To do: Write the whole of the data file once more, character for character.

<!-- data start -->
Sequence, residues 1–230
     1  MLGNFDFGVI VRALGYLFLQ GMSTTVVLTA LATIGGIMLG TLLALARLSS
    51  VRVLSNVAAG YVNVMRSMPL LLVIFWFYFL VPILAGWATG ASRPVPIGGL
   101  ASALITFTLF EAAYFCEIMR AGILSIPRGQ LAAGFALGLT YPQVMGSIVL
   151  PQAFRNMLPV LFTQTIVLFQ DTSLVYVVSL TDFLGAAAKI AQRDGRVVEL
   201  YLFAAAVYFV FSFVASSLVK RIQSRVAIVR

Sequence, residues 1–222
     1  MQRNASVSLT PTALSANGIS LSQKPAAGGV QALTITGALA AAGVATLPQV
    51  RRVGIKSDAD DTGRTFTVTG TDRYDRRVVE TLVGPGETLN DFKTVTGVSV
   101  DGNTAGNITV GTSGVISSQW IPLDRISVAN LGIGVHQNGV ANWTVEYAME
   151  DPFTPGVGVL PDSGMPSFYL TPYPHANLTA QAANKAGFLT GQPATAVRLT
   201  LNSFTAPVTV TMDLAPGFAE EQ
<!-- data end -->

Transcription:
Sequence, residues 1–230
     1  MLGNFDFGVI VRALGYLFLQ GMSTTVVLTA LATIGGIMLG TLLALARLSS
    51  VRVLSNVAAG YVNVMRSMPL LLVIFWFYFL VPILAGWATG ASRPVPIGGL
   101  ASALITFTLF EAAYFCEIMR AGILSIPRGQ LAAGFALGLT YPQVMGSIVL
   151  PQAFRNMLPV LFTQTIVLFQ DTSLVYVVSL TDFLGAAAKI AQRDGRVVEL
   201  YLFAAAVYFV FSFVASSLVK RIQSRVAIVR

Sequence, residues 1–222
     1  MQRNASVSLT PTALSANGIS LSQKPAAGGV QALTITGALA AAGVATLPQV
    51  RRVGIKSDAD DTGRTFTVTG TDRYDRRVVE TLVGPGETLN DFKTVTGVSV
   101  DGNTAGNITV GTSGVISSQW IPLDRISVAN LGIGVHQNGV ANWTVEYAME
   151  DPFTPGVGVL PDSGMPSFYL TPYPHANLTA QAANKAGFLT GQPATAVRLT
   201  LNSFTAPVTV TMDLAPGFAE EQ